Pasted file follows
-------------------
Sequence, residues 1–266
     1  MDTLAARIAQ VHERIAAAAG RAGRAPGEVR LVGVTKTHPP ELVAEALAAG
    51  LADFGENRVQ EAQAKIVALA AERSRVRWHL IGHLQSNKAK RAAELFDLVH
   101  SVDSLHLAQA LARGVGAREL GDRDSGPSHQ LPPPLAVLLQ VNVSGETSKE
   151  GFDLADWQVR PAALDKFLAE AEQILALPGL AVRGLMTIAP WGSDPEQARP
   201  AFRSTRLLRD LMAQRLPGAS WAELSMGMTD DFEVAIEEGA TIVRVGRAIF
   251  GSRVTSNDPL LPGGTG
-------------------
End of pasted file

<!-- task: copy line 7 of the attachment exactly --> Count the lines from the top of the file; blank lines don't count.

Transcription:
   251  GSRVTSNDPL LPGGTG